On Saturday, an FIA team took Dr Faisal Ranjha — a vocal supporter of the ruling party — into custody from Kamoke near Gujranwala over suspicion of posting anti-military material on social media and shifted him to its headquarters in Islamabad.
He was detained alongside other party activists belonging to the Pakistan Tehreek-i-Insaf (PTI). Sources said that all those detained had been released after questioning, but complaints had been registered against them.
PTI vice chairman Shah Mehmood Qureshi met the detained activists, hailing from his party, as well as the ruling Pakistan Muslim League-Nawaz (PML-N), on Sunday and assured them of his party’s full support.
The PTI also announced that it would file a petition before the Islamabad High Court (IHC) against the “illegal actions” being taken by the government against political workers and social media activists.
Talking to Dawn, PTI spokesperson Fawad Chaudhry said his party would stand by all political and social media activists, irrespective of political affiliations, since the party believed in the right to freedom of expression.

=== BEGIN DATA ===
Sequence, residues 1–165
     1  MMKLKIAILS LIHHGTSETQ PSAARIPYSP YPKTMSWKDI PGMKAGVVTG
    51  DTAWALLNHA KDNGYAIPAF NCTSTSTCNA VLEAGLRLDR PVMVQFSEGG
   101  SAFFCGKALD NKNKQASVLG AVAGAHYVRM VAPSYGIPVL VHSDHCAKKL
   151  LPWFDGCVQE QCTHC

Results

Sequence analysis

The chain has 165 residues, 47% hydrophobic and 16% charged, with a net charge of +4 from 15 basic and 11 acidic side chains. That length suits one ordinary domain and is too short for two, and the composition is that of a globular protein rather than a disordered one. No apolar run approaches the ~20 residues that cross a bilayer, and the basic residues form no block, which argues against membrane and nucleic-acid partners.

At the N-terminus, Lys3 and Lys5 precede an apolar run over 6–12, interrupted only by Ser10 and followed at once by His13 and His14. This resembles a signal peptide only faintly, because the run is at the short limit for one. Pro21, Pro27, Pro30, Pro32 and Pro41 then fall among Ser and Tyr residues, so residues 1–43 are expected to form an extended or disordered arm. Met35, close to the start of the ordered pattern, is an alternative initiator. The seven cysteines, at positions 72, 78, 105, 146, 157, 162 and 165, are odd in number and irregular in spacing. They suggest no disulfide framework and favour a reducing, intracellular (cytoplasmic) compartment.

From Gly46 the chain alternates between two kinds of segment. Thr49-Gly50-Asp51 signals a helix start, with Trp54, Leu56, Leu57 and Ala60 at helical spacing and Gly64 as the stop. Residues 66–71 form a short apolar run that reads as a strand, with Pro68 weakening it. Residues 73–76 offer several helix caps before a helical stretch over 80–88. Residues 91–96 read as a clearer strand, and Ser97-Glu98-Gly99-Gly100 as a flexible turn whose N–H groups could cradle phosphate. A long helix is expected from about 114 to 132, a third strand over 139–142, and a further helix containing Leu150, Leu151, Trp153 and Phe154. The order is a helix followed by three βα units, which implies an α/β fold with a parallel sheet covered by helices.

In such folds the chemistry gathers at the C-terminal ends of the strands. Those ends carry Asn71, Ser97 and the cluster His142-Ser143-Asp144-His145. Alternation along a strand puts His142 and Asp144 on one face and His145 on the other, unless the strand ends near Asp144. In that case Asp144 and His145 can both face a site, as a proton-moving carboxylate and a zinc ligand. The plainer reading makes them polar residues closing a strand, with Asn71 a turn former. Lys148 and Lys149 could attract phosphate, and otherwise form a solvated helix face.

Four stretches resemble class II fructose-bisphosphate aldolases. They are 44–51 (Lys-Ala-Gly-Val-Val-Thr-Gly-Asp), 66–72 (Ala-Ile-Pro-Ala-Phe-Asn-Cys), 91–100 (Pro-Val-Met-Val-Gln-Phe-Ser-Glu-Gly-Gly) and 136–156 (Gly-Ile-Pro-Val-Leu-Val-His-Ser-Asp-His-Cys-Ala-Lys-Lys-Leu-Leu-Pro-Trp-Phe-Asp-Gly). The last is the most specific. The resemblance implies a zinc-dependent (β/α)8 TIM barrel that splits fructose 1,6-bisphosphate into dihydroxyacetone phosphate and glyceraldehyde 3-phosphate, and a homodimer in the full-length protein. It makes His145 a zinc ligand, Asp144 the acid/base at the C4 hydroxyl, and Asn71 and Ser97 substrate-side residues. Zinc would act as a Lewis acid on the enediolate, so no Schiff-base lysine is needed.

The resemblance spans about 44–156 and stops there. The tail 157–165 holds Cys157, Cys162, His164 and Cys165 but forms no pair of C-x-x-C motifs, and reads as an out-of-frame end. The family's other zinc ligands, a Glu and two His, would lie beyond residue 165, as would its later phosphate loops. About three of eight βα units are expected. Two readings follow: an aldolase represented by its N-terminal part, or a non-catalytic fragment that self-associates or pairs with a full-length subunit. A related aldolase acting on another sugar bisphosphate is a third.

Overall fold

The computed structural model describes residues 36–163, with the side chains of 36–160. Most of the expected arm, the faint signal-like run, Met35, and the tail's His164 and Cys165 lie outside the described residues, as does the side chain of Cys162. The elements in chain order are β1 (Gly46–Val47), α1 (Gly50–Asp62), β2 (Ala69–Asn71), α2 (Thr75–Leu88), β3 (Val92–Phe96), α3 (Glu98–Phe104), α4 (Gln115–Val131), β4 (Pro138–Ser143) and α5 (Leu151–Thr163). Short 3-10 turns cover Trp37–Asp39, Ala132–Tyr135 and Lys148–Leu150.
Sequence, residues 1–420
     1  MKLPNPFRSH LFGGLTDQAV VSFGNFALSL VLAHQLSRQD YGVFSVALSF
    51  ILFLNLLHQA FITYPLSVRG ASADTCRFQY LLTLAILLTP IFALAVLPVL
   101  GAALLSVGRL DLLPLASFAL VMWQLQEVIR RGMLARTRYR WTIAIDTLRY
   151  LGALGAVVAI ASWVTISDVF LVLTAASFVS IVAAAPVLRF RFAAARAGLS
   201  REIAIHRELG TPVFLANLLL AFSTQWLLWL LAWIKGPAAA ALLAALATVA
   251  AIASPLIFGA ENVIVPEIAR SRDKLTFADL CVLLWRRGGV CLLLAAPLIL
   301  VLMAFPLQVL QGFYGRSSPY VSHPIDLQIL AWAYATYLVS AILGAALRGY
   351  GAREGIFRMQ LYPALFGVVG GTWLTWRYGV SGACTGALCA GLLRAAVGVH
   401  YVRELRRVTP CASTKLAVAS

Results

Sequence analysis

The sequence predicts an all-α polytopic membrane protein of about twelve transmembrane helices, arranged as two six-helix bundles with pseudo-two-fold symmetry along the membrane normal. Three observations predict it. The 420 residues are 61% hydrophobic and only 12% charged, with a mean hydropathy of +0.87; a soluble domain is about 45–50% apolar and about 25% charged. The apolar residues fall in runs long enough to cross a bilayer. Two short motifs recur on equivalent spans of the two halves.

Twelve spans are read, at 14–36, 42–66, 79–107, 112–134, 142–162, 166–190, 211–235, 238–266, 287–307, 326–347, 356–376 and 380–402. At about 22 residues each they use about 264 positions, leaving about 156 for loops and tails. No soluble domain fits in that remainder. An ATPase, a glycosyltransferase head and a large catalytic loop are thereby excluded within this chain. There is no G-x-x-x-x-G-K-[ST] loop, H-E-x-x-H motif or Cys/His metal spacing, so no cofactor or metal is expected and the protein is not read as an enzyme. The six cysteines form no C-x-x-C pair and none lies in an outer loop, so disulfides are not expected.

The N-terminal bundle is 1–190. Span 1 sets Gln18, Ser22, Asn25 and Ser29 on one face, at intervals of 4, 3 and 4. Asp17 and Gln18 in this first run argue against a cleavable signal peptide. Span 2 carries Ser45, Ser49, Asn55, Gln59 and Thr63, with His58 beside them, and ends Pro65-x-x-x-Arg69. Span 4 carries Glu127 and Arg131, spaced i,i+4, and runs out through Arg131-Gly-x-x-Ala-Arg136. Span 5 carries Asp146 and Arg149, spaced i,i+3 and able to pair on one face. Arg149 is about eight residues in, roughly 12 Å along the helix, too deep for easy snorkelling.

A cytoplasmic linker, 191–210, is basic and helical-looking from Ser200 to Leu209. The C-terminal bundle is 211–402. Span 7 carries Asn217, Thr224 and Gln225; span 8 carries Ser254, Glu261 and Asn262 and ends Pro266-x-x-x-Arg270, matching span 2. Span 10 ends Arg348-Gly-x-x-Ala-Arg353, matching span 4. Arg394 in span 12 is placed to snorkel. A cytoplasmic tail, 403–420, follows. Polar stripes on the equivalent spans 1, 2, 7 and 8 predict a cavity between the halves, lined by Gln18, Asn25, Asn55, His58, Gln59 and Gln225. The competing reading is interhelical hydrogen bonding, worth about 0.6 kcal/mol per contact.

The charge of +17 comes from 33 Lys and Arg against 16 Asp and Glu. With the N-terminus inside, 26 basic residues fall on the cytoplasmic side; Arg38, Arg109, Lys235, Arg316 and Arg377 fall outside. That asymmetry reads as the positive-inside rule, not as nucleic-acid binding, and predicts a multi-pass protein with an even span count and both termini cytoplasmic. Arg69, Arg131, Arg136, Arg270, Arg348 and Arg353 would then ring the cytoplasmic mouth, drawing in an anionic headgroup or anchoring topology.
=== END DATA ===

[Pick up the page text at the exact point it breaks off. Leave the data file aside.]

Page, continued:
“The PTI will support and fight for every social media activist and political worker, be they from the PPP or the PML-N,” Mr Chaudhry declared. He said the party would hold a demonstration outside the National Press Club today (Monday) against the FIA’s actions.
Besides, sources in the PML-N said there was great resentment within the party over the government’s policy to crack down on social media activists. Some party leaders are planning to raise the issue with Prime Minister Nawaz Sharif upon his return from Saudi Arabia, they said.
The Pakistan Peoples Party (PPP) has called the curbs on social media “undemocratic, against the Constitution and counterproductive”.
PPP spokesperson Farhatullah Babar said in a statement the “increasing misuse” by the state of the cybercrime law was a matter of serious concern and must be stopped.
He said the misuse and overuse of blanket orders, issued last week by the interior ministry to take action against social media users in the name of national security, was not acceptable.
“It is disturbing that in a short span of time nearly 1,000 cases had been registered against social media platforms. In addition, provisions of the cybercrime legislation have been arbitrarily interpreted to impose new restrictions on the right to freedom of expression in the name of national security,” he said.